In the face of the current economic crisis, it is increasingly important to consider the social costs of legalized gambling, according to a York University professor whose new book delves into the issue.
"During the recession of the early 1990s, profits from casino gambling were crucial for government budgets in many provinces," says Professor Thomas Klassen, who co-edited and contributed chapters to Casino State: Legalized Gambling in Canada, released yesterday by the University of Toronto Press.
Right: Thomas Klassen
"The question is, ‘Can gambling come to the rescue again this time, and at what cost?’ In times of economic uncertainty, it’s even more important to examine the real price of these policies," he says.
Klassen, a professor in the Department of Political Science, Faculty of Arts, and the School of Public Policy & Administration in the Atkinson Faculty of Liberal & Professional Studies, says the book is a response to an "unprecedented explosion" of legalized gambling, particularly in the form of casinos and electronic gaming. It includes a chapter dealing specifically with the latter.
"The cold, hard truth is that Canadians are increasingly addicted to gambling – an addiction we believe is encouraged by the government," says Klassen.
The volume raises questions about state conduct, precarious policy issues, public health and addictions, and provides a comprehensive overview of the central issues related to the legalization and expansion of gambling in Canada.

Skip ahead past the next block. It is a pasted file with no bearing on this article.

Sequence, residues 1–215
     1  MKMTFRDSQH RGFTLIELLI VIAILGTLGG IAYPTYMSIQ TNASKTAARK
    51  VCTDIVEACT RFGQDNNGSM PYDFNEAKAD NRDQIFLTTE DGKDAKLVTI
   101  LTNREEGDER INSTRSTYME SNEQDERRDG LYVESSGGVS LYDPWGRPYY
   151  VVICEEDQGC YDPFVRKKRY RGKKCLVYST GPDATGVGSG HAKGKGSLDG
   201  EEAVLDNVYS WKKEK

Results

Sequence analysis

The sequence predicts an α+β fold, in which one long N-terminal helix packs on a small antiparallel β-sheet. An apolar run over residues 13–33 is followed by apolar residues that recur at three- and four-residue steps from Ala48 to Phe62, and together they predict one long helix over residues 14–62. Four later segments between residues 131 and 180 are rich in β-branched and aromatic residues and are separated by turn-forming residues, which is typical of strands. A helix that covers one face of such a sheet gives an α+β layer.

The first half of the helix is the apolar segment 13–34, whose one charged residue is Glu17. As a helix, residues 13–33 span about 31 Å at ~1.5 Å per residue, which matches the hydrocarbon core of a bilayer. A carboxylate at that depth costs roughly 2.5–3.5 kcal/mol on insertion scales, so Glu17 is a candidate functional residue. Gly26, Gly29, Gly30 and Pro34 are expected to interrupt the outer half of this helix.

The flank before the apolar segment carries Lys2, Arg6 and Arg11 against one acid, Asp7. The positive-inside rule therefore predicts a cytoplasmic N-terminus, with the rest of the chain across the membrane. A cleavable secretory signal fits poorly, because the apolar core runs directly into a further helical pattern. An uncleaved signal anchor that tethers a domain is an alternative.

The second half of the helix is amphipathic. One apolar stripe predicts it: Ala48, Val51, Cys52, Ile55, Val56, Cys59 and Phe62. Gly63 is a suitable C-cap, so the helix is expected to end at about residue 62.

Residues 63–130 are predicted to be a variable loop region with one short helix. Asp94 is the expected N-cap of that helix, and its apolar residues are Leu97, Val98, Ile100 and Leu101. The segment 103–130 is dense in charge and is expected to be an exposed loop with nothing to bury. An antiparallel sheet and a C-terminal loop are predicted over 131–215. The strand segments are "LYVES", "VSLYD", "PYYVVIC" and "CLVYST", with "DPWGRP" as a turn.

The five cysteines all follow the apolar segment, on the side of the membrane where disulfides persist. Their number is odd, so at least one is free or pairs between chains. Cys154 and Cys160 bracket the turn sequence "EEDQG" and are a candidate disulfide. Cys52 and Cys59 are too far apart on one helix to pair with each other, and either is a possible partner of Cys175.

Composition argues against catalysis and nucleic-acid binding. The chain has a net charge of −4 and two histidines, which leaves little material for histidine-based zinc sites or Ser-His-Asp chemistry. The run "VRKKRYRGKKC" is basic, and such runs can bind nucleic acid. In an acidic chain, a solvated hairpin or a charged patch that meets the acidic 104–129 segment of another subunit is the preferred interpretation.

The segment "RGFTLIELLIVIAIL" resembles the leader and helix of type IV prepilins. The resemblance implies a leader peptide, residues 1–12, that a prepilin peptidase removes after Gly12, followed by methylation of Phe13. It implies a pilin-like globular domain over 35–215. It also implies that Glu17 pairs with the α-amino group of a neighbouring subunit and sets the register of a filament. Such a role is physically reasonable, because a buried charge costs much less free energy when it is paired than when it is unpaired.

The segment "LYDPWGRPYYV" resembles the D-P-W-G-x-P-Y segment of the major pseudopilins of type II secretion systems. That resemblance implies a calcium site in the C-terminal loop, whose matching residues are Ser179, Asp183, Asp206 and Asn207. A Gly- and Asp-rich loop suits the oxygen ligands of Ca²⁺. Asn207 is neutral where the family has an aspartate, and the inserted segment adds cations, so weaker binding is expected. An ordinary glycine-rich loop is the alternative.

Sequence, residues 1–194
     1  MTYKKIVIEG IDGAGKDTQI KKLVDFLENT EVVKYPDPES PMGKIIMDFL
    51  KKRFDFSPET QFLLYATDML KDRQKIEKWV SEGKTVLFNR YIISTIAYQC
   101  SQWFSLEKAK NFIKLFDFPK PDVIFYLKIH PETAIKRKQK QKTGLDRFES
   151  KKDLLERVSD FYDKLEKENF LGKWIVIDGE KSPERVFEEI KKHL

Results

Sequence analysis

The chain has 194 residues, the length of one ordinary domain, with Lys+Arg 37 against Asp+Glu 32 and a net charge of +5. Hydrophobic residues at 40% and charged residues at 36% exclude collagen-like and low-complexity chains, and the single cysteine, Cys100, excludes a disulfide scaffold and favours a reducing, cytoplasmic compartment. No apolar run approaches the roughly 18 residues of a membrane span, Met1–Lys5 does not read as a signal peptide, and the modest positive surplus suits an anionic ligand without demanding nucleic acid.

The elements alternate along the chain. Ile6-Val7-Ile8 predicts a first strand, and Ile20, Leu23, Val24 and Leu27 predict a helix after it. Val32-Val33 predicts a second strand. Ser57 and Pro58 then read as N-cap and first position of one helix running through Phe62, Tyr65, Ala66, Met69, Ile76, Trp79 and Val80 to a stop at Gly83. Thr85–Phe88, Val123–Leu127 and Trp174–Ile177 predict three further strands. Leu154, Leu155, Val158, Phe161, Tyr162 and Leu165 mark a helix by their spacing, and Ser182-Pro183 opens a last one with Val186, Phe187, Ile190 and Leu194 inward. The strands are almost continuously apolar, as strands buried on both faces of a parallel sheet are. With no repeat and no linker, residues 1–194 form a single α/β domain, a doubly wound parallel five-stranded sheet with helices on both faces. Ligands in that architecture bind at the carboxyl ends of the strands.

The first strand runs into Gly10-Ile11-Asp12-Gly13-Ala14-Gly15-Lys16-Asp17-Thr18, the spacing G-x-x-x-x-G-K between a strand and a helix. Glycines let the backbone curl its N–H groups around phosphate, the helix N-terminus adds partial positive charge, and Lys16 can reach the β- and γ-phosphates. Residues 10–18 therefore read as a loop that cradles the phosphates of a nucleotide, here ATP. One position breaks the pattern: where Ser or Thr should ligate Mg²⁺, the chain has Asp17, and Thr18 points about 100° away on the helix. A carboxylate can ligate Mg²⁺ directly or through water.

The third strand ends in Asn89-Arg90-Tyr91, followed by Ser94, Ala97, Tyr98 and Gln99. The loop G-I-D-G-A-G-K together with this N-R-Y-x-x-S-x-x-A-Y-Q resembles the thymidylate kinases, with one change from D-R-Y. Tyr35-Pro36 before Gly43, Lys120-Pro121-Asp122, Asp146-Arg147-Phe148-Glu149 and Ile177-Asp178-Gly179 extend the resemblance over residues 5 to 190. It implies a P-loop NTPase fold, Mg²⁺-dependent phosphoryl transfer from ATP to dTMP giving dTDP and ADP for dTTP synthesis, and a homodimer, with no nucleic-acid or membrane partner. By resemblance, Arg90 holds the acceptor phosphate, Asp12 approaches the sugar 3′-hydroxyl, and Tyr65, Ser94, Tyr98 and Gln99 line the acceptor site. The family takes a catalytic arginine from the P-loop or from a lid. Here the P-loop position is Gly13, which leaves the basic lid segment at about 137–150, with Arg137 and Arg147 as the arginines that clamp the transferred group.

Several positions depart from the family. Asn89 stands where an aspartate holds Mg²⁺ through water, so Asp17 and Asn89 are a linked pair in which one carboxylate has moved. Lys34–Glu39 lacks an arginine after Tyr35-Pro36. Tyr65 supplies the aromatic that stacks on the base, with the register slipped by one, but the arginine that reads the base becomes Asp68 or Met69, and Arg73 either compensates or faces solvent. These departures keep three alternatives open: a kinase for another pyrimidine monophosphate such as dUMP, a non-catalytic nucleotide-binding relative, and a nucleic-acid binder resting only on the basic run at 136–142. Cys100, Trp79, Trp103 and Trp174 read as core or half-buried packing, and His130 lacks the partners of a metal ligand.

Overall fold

Investigating the tensions that arise from the relationships between gambling and morality, risk, social policy, crime and youth problem gambling, these essays draw upon a range of disciplines to consider the economic benefits and social costs of legalized gambling. A contemporary study that raises important questions about state conduct, precarious policy issues, public health and addictions, Casino State provides a comprehensive overview of the central issues related to the legalization and expansion of gambling in Canada.
Klassen hopes it will spark debate amongst a wider audience. "We know that the public is becoming increasingly conscious of gambling addictions, so the awareness is definitely there," he says.
Casino State is co-edited by James F. Cosgrave, (BA Hons. ’86, MA ’88, PhD ’99) a sociologist at Trent University in Peterborough, Ont. Contributors include: Kerry Badgley, Carleton University; Colin S. Campbell, Douglas College; Jeffrey Derevensky, McGill University; Timothy F. Hartnagel, University of Alberta; Ray MacNeil, a former executive director of the Nova Scotia Gaming Foundation; Jan McMillen, leading international gambling scholar; William Ramp, University of Lethbridge; Garry J. Smith, University of Alberta; and Harold Wynne, a consultant focusing on gambling-related issues.